MH lights are often used for this, as its blue light is designed to mimic the summer months when the sun is high in the sky.

    Conversely, HPS lights mimic the end of the summer, with the sun’s rays passing through more of the earth’s atmosphere, causing it to display a red spectrum, which is great for flowering cannabis plants.

    Want to grow seeds that will thrive in an indoor environment? Check out our selection of indoor marijuana seeds in our shop.

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    Lighting Schedule

    The final important component to proper lighting is the actual amount of time your plants receive light. Just like humans, plants need their sleep and cannot normally be hit by sunshine for 24 hours a day. Plus, cannabis lighting can become expensive when it comes to the amount of electricity used. This is another reason why it is a good idea to have a schedule for your cannabis lighting.

    You cannot keep marijuana under continuous light because it will not flower or produce any buds without darkness.  The only time that plants can use 24 hours straight of light is when they are in their seedling stage, as they are still babies and need lots of light to grow.

    While in the dark, plants produce the hormones needed to produce buds that eventually flower.  If the darkness is not ever disturbed by light, they will continue to flower and stop growing.  You need a good combination of both to yield a good crop of marijuana.

    For the duration of their vegetative stage, your plants need 18 hours of light and 6 hours of darkness.

    Once you are ready for your plants to flower, you can trigger its flower stage by switching the lighting schedule to 12 hours of light, and 12 hours of absolute darkness.

    Preventing Waste When Using Grow Lights

    As explained above, light is essential for growing high quality, high yielding cannabis plants. Exposure to light is what triggers plant photosynthesis, and not getting the proper type or amount of light will result in stunted growth for your plant.

    Unfortunately, many growers miss out on high yields because their indoor setting is wasting light.

    If quality wasn’t reason enough to want to control your lighting, finances might be.

    Marijuana is dependent on the hours of light it receives to grow effectively, yet the cost of the grow lights, combined with the cost of electricity to use them, can become quite expensive.

    Luckily there are some ways to lower this, by being more efficient with your light.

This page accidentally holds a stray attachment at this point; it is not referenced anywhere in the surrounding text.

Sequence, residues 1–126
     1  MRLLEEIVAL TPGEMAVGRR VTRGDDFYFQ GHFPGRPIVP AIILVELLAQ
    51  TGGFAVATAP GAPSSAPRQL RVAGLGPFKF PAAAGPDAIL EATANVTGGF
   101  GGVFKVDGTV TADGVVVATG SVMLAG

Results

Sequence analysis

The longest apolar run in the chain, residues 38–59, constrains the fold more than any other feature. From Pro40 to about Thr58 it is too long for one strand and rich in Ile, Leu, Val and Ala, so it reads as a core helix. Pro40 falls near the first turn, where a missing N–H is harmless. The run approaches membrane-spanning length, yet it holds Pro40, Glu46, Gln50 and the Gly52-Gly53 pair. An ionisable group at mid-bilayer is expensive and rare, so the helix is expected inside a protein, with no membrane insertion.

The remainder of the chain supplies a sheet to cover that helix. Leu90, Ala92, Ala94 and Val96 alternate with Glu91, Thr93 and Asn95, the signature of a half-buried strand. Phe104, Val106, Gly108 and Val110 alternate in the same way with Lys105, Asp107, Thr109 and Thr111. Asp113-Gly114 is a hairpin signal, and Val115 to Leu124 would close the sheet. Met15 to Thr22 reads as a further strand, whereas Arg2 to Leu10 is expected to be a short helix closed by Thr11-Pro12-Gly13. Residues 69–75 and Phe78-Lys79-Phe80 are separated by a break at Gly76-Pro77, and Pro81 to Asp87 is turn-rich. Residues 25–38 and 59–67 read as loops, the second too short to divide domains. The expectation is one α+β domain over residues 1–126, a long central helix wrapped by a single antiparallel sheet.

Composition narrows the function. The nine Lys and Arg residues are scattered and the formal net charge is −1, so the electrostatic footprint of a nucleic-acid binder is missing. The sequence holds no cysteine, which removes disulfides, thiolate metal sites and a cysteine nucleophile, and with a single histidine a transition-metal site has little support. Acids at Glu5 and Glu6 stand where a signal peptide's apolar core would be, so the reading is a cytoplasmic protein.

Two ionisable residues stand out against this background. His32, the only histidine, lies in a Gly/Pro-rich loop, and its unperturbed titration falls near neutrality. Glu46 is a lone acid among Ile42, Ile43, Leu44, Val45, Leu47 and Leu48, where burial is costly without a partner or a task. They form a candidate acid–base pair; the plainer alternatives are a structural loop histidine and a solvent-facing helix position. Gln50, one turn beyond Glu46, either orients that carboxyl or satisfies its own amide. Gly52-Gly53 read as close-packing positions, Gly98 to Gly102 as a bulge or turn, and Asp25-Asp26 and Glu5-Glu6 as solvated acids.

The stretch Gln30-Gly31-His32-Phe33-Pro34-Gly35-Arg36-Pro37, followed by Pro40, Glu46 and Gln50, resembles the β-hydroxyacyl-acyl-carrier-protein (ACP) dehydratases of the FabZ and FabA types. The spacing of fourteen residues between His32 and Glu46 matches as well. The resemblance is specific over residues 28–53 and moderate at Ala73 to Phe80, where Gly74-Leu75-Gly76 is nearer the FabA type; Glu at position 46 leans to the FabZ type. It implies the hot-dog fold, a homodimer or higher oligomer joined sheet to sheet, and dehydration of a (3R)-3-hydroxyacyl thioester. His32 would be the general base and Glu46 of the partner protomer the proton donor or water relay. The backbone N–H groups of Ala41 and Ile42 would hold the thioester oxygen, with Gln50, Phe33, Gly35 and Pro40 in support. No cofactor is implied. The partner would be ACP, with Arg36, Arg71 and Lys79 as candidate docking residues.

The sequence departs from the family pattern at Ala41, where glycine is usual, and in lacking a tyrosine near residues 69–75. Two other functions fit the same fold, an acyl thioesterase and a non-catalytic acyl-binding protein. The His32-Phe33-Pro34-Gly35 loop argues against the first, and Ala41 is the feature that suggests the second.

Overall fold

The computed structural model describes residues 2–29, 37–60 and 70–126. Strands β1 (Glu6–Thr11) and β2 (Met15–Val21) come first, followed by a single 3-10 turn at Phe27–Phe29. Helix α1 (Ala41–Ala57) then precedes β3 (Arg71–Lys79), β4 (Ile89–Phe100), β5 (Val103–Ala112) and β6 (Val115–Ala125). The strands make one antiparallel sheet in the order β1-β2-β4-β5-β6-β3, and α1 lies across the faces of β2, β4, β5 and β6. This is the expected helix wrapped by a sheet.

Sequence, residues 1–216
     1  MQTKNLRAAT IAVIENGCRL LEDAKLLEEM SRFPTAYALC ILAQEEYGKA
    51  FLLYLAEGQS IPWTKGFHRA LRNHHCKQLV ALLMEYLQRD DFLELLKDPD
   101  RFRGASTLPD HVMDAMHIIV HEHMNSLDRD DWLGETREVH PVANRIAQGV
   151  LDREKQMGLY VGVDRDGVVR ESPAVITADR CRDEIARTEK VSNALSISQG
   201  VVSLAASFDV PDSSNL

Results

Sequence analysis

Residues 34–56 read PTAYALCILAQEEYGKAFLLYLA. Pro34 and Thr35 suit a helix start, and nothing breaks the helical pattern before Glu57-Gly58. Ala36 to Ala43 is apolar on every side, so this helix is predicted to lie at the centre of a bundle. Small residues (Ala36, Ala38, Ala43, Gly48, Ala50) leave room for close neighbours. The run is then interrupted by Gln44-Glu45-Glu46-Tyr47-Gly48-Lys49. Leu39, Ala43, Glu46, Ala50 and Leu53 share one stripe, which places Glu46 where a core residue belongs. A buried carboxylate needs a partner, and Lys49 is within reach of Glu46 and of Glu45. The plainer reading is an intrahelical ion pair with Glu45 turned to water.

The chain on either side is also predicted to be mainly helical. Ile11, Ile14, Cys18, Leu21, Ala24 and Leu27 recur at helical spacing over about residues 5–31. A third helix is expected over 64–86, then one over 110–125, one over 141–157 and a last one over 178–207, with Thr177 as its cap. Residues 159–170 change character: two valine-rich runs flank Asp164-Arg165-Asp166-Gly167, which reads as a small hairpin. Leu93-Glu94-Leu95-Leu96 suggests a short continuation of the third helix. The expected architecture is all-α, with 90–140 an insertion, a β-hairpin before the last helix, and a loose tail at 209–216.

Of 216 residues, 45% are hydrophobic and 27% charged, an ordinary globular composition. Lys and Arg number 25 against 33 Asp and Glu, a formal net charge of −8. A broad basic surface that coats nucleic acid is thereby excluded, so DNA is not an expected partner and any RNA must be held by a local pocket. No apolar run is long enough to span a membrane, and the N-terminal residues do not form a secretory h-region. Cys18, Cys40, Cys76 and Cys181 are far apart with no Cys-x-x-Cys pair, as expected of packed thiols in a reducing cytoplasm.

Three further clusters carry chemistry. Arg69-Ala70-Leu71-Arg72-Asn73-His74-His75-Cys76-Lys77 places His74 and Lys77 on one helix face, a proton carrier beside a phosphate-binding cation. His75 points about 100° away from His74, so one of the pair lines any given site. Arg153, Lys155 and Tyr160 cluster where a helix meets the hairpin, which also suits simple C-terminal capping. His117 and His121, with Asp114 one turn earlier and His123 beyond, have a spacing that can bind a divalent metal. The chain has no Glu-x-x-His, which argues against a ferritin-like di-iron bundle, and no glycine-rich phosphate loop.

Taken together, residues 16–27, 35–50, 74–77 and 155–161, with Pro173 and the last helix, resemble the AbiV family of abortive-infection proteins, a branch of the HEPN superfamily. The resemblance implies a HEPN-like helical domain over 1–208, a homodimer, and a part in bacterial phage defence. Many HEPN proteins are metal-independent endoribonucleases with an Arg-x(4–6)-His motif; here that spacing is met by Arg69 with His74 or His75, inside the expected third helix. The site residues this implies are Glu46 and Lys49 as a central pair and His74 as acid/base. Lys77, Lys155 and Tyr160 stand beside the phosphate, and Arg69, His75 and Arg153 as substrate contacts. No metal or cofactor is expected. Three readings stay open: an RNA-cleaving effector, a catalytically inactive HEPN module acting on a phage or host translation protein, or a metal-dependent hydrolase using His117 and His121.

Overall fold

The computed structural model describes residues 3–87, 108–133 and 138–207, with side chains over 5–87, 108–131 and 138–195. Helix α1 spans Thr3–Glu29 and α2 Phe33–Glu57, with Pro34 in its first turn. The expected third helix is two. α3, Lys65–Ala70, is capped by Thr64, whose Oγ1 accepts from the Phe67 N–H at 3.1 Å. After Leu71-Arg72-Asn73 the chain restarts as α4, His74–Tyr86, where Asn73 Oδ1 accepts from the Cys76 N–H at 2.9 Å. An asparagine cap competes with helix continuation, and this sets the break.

One of the easiest ways to do this is by making simple adjustments to your grow room. Use reflective materials and keep cannabis plants as close to the wall as possible. The will allow less light to be wasted.

    Preventing Waste When Using Grow Lights
    Preventing Waste When Using Grow Lights – Image powered by

    By carefully choosing the wall’s surface, you can increase the amount of light received by the plants. The reflective materials help direct the light to the plants and keep it on them. They can also help shine light on places that would otherwise be dark, providing light, heat, and energy for the lower parts of the garden.

    Ensuring Reflective Walls

    The material that you use on your walls can provide a reflective surface for light. To measure how effective a particular material is, use a light meter.

    Measure by placing an opaque board a few inches away from the wall with the meter below it.

    The golden rule is to make sure that both measurements are at the same distance from the light. When the light reflects onto the light meter, it should provide different numbers for the two surfaces.

    There should be a difference between those numbers – that difference reflects how well your wall (or reflective material) reflects the light.

    Another thing to have in mind is that the wavelength of radiant energy, which is also referred to as electromagnetic radiation, is 400-700 nm and EM radiation is correlated to radiant heat energy which has a wavelength 800-2000 nm.

    Reflective walls in a grow room
    Reflective walls in a grow room

    Creating Reflective Grow Spaces

    If your current walls are not reflective enough, you can fix that! Here is a list of the most frequently used materials for the walls of a marijuana grow room:


    This polyester film has a thickness of 1-2 mm and a high level of reflection. There’s also a more expensive, but resistant and cleanable version called foylon.

    Mylar may be less durable, but it is far more reflective than foylon; however, since foylon is easy to clean, it can provide better reflection over the long term.

    C3 anti-detection film is yet, another, type of mylar with the same qualities as the 2mm thick one. In addition to providing high levels of reflection, it is also infrared proof.

    Good ventilation is required if you used either of these materials because of the high percentage of reflection of radiant heat energy. Avoid creating hotspots in the room while attaching Mylar, foylon or C3 film to the walls.

    You can use Velcro when attaching the materials to your walls to prevent them from being damaged. Be sure that no pockets of air forms between the two surfaces.